Jon-Erik Hem

Driving home on a snowy night seven years ago, my vehicle veered off course. Regaining consciousness, a tree was now occupying my previously empty passenger seat.  While struggling to come to grips with what just happened, a breath beyond the void ignited a flame that called my name. The universe was not calling for my death but for aspects of my life to die. A couple on their way home from Christmas shopping saw my vehicle on fire within the treeline. The rescuer cut me free from more than just my fiery pyre when he extracted me. After breaking the chains of a life that I used to live, I am no longer the same man. 

I spent four summers in Chitina, Alaska working as a fishmonger. Much of my time was spent hiking and exploring the wilderness. I became an amateur archaeologist as I trekked through mountain trails near the once-abandoned town. When their mine closed in 1938, everyone left all their valueless possessions behind. Excavating these abandoned utilitarian items, I became fascinated with their excellent craftsmanship, and the erosion and corrosion these artifacts sustained through the harsh Alaskan environment.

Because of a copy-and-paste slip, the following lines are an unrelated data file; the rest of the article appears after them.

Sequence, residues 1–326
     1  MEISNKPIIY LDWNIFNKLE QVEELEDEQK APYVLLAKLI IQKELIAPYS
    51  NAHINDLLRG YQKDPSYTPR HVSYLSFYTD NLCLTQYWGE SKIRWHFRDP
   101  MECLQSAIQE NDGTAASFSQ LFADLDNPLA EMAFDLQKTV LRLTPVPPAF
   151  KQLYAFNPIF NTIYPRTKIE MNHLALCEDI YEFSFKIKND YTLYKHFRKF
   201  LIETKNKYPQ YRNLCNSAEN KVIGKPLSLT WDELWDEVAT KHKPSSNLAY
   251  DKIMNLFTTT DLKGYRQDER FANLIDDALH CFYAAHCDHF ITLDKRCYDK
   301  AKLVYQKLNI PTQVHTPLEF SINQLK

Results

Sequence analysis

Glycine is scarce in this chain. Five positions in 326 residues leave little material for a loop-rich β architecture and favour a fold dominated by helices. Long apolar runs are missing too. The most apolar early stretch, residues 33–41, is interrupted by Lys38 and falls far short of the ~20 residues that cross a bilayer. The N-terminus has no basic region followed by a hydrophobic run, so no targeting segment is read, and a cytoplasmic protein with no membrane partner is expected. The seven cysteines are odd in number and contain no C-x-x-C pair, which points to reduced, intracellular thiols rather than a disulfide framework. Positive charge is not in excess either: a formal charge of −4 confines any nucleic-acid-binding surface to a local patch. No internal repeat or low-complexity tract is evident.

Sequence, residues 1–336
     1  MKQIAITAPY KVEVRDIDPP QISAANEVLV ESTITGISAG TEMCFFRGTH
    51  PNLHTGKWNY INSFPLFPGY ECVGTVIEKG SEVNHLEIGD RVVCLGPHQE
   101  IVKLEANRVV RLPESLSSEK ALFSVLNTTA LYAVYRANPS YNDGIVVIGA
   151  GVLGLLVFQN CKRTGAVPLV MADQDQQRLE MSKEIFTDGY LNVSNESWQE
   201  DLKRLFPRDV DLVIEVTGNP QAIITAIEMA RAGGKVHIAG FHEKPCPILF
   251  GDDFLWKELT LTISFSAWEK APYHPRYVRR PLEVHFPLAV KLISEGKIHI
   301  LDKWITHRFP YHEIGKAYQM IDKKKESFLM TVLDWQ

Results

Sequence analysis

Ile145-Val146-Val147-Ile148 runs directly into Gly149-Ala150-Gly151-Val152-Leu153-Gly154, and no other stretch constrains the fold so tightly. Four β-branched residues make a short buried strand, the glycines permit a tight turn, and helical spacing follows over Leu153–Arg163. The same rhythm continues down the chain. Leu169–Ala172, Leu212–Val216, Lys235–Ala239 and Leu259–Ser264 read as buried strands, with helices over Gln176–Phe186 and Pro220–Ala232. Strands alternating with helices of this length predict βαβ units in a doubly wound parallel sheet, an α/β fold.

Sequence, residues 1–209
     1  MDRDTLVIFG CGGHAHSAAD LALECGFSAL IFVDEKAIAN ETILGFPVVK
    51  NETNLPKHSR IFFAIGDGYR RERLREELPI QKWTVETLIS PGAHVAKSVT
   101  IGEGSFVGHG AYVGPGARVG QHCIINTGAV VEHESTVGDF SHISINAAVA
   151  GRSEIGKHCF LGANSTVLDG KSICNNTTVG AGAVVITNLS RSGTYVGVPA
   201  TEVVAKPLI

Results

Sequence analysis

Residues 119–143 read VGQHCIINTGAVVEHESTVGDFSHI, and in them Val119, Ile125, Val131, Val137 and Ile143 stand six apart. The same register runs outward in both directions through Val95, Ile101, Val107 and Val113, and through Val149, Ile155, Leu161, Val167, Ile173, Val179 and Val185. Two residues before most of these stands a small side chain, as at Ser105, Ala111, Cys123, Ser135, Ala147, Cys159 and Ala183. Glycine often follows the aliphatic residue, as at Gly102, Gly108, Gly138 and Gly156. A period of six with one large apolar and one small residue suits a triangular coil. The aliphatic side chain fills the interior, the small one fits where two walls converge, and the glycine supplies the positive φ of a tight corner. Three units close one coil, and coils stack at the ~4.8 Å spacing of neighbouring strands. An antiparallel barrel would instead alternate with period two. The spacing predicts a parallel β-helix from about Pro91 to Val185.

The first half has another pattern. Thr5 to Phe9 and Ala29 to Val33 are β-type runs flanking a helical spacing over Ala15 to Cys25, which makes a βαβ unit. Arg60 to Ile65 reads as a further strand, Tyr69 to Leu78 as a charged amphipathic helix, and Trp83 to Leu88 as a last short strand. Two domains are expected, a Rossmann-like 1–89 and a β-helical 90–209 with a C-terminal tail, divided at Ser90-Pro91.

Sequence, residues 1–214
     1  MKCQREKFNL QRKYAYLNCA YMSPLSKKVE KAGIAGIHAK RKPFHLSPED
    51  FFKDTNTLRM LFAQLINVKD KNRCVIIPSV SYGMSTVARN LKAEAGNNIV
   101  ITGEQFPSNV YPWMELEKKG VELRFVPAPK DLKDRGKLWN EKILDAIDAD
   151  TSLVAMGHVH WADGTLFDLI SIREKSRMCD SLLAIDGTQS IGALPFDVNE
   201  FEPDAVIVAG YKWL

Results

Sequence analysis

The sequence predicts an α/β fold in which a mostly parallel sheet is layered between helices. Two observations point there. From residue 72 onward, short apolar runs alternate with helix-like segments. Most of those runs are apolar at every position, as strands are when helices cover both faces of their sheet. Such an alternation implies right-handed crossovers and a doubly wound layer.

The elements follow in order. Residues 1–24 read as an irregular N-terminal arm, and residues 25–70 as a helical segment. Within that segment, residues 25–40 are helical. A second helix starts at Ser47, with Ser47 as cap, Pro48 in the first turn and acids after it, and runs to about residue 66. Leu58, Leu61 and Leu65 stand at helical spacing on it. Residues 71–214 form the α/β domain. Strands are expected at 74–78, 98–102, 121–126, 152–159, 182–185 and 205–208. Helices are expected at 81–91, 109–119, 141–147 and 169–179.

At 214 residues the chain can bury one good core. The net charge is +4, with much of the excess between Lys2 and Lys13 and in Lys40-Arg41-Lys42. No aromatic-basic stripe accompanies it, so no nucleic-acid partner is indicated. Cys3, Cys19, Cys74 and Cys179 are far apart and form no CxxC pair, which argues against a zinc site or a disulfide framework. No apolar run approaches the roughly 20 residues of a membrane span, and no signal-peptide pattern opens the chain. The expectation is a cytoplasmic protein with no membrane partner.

Derelict objects exhibit the evidence of the life that they lived; the patina of both use and neglect is narrative. Recontextualizing these eremitic objects transforms and redeems their hierarchical value. Through identification with these worn objects I honor their imperfections as well as my own.

Inspired by the craftsmanship and patina I admire from those artifacts, I craft non-objective sculptural forms. Many of these artworks are introspective and inspired by my life experiences and the idea of man-made objects being reclaimed by time. I invite the viewer to insert their own narrative and hierophany into the found images and objects.

Constructing both architectural and destructive organic forms explores our human tendency to both build and destroy. There is something special about realizing the perfectly imperfect object. It takes the willingness to fail along with determination to create sculptures that appear as timeless relics.

To be broken is to be human.